Technology & Science

Acupuncture works to relieve arthritis pain: study

Combining acupuncture with drugs reduces pain, improves movement, placebo-control study finds.

Combining acupuncture with standard drug therapy can relieve pain and improve movement in people with arthritis of the knee, according to a new study.

"For the first time, a clinical trial with sufficient rigour, size, and duration has shown that acupuncture reduces the pain and functional impairment of osteoarthritis of the knee," said Dr. Stephen Straus in a release.

The results also suggest acupuncture can help improve quality of life for people with knee osteoarthritis, added Straus, a director of the National Center for Complementary and Alternative Medicine, part of the U.S. government agency that funds medical research.

In the trial, Dr. Brian Berman of the University of Maryland School of Medicine in Baltimore and his colleagues studied 570 patients with an average age of 65 who had osteoarthritis of the knee.

Participants were randomly assigned to receive one of three treatments for 26 weeks, in addition to standard care such as anti-inflammatory medications and pain relievers:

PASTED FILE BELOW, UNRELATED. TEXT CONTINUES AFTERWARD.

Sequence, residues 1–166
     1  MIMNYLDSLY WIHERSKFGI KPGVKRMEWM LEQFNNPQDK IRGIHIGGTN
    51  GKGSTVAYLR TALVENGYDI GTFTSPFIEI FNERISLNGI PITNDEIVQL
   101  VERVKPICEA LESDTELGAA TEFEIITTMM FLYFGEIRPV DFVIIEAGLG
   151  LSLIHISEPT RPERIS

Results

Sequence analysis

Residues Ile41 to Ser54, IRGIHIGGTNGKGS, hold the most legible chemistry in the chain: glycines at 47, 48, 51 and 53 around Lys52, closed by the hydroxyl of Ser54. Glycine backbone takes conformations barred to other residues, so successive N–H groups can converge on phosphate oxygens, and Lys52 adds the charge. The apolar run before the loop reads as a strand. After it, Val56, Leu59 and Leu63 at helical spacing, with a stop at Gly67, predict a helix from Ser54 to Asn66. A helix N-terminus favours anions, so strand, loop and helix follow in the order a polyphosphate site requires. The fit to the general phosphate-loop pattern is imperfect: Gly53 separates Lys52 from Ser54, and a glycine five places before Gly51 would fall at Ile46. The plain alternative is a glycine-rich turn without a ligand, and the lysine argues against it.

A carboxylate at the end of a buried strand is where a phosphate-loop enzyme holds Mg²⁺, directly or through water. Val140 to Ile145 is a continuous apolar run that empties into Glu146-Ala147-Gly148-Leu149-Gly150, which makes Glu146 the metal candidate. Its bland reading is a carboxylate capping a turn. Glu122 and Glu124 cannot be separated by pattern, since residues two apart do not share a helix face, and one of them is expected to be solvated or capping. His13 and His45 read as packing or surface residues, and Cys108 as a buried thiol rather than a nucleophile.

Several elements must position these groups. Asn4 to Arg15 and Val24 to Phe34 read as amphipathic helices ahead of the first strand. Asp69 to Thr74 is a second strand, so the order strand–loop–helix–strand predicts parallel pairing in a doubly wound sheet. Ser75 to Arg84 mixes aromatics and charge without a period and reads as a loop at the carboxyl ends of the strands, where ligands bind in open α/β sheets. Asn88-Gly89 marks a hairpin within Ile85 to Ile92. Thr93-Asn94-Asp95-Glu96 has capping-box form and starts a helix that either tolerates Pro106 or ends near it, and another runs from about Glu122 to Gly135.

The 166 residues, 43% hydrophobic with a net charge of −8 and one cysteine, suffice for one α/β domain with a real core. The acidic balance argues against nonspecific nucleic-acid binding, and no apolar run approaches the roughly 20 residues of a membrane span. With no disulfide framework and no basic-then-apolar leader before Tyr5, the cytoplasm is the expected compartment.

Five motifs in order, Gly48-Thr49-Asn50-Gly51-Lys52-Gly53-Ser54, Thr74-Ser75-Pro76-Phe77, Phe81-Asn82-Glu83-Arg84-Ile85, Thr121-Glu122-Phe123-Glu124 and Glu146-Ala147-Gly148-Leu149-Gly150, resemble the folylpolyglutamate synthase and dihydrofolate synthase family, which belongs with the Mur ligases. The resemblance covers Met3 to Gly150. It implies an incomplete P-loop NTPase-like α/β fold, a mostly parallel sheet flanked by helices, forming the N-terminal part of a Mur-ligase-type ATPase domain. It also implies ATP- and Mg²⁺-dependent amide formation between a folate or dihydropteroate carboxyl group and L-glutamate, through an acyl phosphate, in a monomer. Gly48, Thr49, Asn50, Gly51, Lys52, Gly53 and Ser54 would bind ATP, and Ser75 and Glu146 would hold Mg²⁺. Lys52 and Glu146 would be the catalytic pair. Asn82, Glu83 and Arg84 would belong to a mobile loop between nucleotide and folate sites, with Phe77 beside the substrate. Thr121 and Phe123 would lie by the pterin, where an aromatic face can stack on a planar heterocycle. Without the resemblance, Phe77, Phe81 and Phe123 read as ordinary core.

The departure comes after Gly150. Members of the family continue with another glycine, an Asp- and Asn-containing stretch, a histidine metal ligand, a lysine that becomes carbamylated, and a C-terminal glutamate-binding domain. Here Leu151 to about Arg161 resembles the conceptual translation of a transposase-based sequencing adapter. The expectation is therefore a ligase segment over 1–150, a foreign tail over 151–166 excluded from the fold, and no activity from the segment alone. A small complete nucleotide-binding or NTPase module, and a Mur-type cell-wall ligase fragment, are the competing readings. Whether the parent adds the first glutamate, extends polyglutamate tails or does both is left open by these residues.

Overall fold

• Acupuncture – inserting thin needles into certain body points to stimulate improved health.
  • Sham acupuncture – patients feel some sensation from a needle but it isn't actually inserted.
  • A self-help course for managing pain.

By week eight, patients receiving true acupuncture began showing a significant increase in function and by week 14 a significant decrease in pain, compared to those in the other groups, Berman's team reported in the Dec. 21 issue of the Annals of Internal Medicine

What sets the study apart from previous research is the extent of time the patients were followed, said Dr. Shawn Thistle, an acupuncture practitioner in Toronto.

The use of sham acupuncture also controlled for the placebo effect, in which patients expect relief with no real treatment.

Nevertheless, the study has its limitations. A sizeable number of patients dropped out over the 26 weeks, reducing the reliability of the results.

Also, the findings don't show acupuncture is better than other treatments or if it is more cost-effective than drugs.

Since acupuncture is generally safe, researchers say the treatment deserves further study, given the recent news about the dangerous side-effects of some arthritis medications.

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